Statement by Secretary of State Clinton on International Anti-Corruption Day
December 8, 2010
U.S. Department of State
Office of the Spokesman
For Immediate Release
On behalf of President Obama and the people of the United States, I join with our partners around the world to recognize December 9 as International Anti-Corruption Day. As we continue our common fight against corruption and recommit ourselves to the work ahead, we also recognize the significant achievements of the past year.
Last month, G20 Leaders adopted a landmark Anti-Corruption Action Plan to promote an open, rules-based environment worldwide. Implementing this plan will require cooperative efforts among our G20 partners, the private sector, and civil society organizations. The participation of emerging G20 economies is particularly important as they lay the foundation for generations of sustainable growth and prosperity.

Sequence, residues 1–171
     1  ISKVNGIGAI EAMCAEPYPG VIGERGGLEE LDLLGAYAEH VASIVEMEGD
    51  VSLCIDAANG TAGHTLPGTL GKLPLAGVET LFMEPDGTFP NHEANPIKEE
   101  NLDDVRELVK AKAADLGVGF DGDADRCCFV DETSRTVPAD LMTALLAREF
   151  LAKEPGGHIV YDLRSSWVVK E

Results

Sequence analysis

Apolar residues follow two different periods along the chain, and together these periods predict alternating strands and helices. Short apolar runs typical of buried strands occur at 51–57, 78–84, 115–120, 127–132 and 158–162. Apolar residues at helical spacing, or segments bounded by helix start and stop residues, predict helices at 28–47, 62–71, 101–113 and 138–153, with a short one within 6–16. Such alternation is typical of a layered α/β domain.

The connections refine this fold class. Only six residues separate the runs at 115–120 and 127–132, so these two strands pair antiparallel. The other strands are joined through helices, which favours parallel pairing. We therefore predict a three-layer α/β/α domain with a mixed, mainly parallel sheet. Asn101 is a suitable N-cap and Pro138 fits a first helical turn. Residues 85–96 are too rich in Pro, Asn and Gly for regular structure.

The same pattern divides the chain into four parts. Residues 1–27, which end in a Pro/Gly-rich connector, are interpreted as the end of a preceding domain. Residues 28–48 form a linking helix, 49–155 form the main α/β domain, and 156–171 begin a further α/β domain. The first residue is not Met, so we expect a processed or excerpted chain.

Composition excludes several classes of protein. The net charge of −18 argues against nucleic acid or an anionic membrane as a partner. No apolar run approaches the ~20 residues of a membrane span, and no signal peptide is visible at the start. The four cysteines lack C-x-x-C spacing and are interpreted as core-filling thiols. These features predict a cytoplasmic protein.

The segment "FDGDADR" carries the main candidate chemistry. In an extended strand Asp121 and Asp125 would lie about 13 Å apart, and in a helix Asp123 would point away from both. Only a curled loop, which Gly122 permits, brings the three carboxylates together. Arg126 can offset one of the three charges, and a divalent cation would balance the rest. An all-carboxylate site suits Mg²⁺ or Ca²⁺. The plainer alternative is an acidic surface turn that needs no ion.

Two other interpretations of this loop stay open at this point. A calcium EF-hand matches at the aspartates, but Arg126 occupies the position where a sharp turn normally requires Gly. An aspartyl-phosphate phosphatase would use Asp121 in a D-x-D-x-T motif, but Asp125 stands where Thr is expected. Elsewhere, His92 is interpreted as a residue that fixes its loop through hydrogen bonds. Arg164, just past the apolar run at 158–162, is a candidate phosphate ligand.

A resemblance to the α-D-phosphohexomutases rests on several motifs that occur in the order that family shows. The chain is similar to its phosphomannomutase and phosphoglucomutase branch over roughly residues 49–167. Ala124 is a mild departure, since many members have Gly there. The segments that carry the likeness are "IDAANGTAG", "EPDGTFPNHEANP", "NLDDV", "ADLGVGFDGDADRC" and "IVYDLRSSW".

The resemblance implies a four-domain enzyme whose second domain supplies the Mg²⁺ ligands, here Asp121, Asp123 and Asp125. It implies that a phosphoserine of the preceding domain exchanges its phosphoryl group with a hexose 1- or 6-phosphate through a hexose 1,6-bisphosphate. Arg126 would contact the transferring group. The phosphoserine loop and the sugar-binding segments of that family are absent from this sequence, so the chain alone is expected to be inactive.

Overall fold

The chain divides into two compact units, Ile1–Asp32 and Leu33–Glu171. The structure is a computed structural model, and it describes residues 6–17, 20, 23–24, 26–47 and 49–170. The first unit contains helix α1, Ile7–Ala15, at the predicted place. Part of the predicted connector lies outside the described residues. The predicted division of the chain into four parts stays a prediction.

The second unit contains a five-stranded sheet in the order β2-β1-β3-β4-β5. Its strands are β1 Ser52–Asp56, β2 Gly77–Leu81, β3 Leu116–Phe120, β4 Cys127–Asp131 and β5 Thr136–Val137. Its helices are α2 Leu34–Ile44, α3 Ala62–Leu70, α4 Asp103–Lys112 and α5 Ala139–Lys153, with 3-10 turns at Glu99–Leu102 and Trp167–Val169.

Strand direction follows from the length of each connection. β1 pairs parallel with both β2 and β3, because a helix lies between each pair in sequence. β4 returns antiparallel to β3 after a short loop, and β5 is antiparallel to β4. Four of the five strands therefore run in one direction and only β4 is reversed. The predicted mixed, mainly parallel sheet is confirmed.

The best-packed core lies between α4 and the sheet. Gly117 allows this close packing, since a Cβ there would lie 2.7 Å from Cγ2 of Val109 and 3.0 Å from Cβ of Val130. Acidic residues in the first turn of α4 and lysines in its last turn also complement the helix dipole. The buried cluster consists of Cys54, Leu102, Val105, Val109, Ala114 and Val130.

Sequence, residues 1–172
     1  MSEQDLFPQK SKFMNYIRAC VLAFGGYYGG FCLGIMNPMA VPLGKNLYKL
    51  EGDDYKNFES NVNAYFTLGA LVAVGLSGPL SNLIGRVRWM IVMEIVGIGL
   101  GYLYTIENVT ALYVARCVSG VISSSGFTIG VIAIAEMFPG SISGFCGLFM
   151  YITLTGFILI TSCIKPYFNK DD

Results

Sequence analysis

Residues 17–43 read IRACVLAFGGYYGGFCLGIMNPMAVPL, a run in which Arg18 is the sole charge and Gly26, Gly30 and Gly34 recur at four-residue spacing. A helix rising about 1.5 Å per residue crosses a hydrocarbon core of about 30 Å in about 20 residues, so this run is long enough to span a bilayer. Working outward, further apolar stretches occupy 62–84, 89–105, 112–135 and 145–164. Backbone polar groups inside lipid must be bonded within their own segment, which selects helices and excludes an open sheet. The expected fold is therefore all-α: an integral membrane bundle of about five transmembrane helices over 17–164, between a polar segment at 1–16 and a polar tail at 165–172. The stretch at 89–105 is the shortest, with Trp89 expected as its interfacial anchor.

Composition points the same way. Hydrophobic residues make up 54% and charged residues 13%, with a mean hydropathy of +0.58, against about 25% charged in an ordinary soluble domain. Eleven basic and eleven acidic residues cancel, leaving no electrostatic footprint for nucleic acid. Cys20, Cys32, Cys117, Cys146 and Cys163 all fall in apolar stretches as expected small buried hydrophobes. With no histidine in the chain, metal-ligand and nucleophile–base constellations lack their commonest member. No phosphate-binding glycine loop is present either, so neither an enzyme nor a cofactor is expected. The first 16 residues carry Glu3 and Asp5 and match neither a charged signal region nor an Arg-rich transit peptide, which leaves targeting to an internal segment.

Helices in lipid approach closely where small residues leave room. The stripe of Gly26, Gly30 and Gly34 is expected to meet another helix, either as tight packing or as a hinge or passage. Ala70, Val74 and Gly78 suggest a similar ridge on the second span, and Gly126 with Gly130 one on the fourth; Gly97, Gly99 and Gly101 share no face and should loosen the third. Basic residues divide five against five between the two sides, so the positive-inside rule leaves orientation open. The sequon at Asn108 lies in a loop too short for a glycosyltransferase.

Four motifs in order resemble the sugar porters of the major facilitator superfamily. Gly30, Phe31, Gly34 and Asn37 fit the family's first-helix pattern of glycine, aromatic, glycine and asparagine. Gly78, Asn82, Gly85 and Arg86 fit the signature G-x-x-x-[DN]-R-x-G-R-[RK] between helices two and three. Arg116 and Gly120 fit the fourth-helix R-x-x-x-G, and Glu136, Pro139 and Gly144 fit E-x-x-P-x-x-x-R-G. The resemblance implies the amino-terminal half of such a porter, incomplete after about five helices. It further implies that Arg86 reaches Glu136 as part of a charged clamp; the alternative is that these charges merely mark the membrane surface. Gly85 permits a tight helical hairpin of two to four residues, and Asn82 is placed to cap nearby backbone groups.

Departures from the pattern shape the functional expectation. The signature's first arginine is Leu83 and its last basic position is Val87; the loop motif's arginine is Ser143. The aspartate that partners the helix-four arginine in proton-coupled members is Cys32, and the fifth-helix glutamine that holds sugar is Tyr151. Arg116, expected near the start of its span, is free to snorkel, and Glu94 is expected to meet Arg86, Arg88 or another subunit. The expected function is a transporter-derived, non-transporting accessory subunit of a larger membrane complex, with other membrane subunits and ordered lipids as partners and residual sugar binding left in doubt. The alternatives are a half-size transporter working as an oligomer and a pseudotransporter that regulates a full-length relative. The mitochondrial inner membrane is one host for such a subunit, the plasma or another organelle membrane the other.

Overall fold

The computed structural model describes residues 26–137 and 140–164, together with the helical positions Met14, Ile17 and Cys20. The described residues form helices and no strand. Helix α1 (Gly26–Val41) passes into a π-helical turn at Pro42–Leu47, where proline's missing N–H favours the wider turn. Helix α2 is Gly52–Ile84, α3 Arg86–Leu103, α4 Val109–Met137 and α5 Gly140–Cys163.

The United States has made unprecedented strides over the past year to enforce our anticorruption laws and ensure our companies do not practice bribery or unfair practices in countries where they operate. This year, the States Parties of the United Nations Convention against Corruption (UNCAC) also launched a process to review implementation of the treaty. The United States is proud to be among the first nations to undergo a peer review, and we look forward to working with our partners in the UNCAC process to translate this global commitment to root out corruption from promise to practice.
Corruption stunts economic growth, damages confidence in democracy, and fosters a culture of graft and impunity that undermines the ability to operate in our interconnected world. Every country has a role to play as we work to advance our collective anticorruption agenda and institutionalize the highest standards of transparency. Together, we can ensure the integrity of our markets, improve our government institutions, and increase opportunity and prosperity for all our citizens.